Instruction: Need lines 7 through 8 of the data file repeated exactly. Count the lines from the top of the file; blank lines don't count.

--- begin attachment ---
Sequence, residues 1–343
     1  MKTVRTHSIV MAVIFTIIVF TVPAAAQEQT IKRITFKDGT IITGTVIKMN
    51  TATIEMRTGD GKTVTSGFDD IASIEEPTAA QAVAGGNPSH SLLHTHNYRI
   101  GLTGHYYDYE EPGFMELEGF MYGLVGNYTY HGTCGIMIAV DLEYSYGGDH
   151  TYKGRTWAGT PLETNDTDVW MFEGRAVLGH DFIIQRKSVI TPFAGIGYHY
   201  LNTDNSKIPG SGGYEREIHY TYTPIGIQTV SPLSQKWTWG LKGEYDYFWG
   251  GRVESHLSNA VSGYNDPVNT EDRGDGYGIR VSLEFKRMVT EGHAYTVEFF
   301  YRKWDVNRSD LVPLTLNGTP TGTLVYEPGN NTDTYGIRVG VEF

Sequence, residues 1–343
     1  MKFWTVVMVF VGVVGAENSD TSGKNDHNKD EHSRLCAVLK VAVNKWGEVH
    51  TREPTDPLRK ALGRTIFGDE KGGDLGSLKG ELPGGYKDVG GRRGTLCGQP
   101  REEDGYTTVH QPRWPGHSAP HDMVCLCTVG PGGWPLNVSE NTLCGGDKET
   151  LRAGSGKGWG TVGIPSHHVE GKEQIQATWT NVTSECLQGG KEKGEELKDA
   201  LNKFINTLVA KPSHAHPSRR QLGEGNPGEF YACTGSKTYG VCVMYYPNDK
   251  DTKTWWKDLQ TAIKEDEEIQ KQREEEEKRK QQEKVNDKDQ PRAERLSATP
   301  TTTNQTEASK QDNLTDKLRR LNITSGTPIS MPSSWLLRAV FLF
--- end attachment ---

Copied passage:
   251  GRVESHLSNA VSGYNDPVNT EDRGDGYGIR VSLEFKRMVT EGHAYTVEFF
   301  YRKWDVNRSD LVPLTLNGTP TGTLVYEPGN NTDTYGIRVG VEF